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A Snapshot of Information Skills Training Experience of Students Transitioning from FE to HE - Field (poster)

Presented at LILAC 2018

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A Snapshot of Information Skills Training Experience of Students Transitioning from FE to HE - Field (poster)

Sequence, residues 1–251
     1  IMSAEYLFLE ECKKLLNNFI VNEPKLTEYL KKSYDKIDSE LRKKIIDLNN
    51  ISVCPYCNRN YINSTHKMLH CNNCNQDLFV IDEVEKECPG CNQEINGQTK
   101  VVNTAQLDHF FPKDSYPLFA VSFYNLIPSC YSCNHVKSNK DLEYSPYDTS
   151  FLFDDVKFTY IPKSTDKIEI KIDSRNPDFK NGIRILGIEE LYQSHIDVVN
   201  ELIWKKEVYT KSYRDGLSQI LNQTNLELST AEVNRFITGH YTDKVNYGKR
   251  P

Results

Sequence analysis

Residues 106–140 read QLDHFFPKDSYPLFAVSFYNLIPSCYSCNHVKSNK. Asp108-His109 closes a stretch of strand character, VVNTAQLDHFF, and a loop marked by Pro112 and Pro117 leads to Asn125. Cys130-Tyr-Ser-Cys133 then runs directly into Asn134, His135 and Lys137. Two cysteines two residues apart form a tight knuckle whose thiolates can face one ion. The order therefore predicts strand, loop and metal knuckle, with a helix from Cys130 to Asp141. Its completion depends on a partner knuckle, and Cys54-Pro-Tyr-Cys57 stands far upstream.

1. 1. A snapshot of Information Skills Training Experience in Students Transitioning from Further Education (FE) to Higher Education (HE) Peter Field Background UCL School of Pharmacy is part of the Faculty of Life Sciences at University College London (UCL). It offers one undergraduate degree, the four-year Masters in Pharmacy (MPharm), as well as several taught postgraduate and research postgraduate degrees. Each year, 180-230 new undergraduate students enrol. For the past four years, the School of Pharmacy Library has invited freshers to complete a brief and anonymous survey during induction week. The survey is designed to generate a very broad picture of new students’ interactions with information sources and an indication of their previous experiences of learning about referencing. Library staff deliver two separate workshops to year 1 students in semester one. Workshop one is on Information Resources; workshop two is on Referencing and Plagiarism. The data from the survey is used in the preparation and delivery of the second workshop, enabling facilitators to tailor the content according to students’ previous experience. The concept of transition from FE to HE has been the focus of much recent research. Many Higher Education Institutions (HEIs) have established extensive transition and induction programmes to mitigate the challenges faced by new students, in particular social isolation, displacement and the novelty of independent living 1-3. HEIs recognise the significance of transition not just on the wellbeing of the student but on the enduring academic performance as well 4,5. Improving the transition experience of international students in the UK is a strategic objective of many HEIs and the subject of current research 6. Methodology On the first day of freshers’ week, the School of Pharmacy Library runs a welcome stall in the main reception area of the building, greeting new students as they arrive for local induction. Library staff introduce themselves to the students and distribute library induction packs and freebies. From 2014 until 2016, library staff mingled with the gathering cohort, inviting individual students to answer 5 questions in an anonymous survey using iPads. Three of the questions pertain to information- seeking behaviour and instruction, the results of which are presented here. There were 94 responses in 2014, 68 responses in 2015 and 69 responses in 2016. To increase participation and sample size, it was decided in 2017 to present the same questionnaire to the students in the first workshop instead of during the induction welcome. As a result, 179 responses were gathered. In March 2018, the two questions about sourcing information were posed again to all undergraduate students via email. 43 individuals responded. Results and Discussion Over 50% of respondents had either not received instruction on how to cite literature or were unsure if they had received instruction. This indicates that new students are enrolling with a variability of experience, variability of comprehension and variability of confidence. New students over the four years have been consistent in their assessment of the indicators of trustworthy websites. The data could suggest that transitioning students have an intuitive or experiential appreciation of the markers of quality. Online sources are the main targets of healthcare information for these new healthcare professionals, although significantly not social media. Limitations and Future Research No distinction was made between transitioning students and returning students (students embarking upon higher education for the first time following a gap from further education). Whilst useful to the preparation of the workshops, the sample sizes of 2015 and 2016 represent 30-40% of the total intake of new students which compromises the validity of any findings. No distinction was made between UK/EU and International students. This is an area of potential future examination so that the Library is better able to meet student’s diverse needs based on the diversity of their experiences. References 1. Brooman S, Darwent S. Measuring the beginning: a quantitative study of the transition to higher education. Studies in Higher Education. 2014;39(9):1523-41. 2. Dias D, Sá MJ. The Impact of the Transition to HE: emotions, feelings and sensations. European Journal of Education. 2014;49(2):291-303. 3. Turner R, Morrison D, Cotton D, Child S, Stevens S, Nash P, et al. Easing the transition of first year undergraduates through an immersive induction module. Teaching in Higher Education. 2017;22(7):805-21. 4. Christie H, Tett L, Cree VE, McCune V. ‘It all just clicked’: a longitudinal perspective on transitions within university. Studies in Higher Education. 2016;41(3):478-90. 5. Tett L, Cree V, Christie H. From further to higher education: transition as an on- going process. Higher Education (00181560). 2017;73(3):389-406. 6. Ecochard S, Fotheringham J. International Students' Unique Challenges - Why Understanding International Transitions to Higher Education Matters. Journal of Perspectives in Applied Academic Practice. 2017;5(2):100-8. UCL School of Pharmacy Library 0.00 1.00 2.00 3.00 4.00 5.00 6.00 7.00 8.00 Type Tendonitis into Google Search web for appropriate sources GP appointment Ask a Pharmacist Consult a reference book Call a friend Ask Facebook #tendonitis M e a n Information Seeking Behaviours 2014 2015 2016 2017 2018 0.00 10.00 20.00 30.00 40.00 50.00 60.00 70.00 80.00 90.00 100.00 Author information Last Update Contact Us section Top Google Result Domain About Us Section Feedback Tool Loads Quickly Images Adverts % Characteristics of a trustworthy website 2014 2015 2016 2017 2018 0 5 10 15 20 25 30 35 40 45 2014 2015 2016 2017 % Did you learn how to cite at FE college or school? Yes No Not Sure Did you learn how to cite literature at your Further Education College or school? Yes No Not sure What makes a website trustworthy? (Tick as many as apply) It is one of the top results on Google It tells you who wrote the information There are images It tells you when the page was last updated It has adverts The domain in the address You can comment or leave feedback There is an About Us section It loads quickly There is a Contact Us section What would you do to get some information about treatments for tendonitis? (Rank in order - 1 being the first thing you would do, 8 being the last.) Type 'treatments for tendonitis' into Google Make an appointment with your GP Ask your friends on Facebook or other sites Consult a reference book Search the web for appropriate sources, e.g. type NHS into Google Ask a pharmacist Search Twitter #Tendonitis Ring a friend or family member who may know Three information-seeking behaviour related questions posed in survey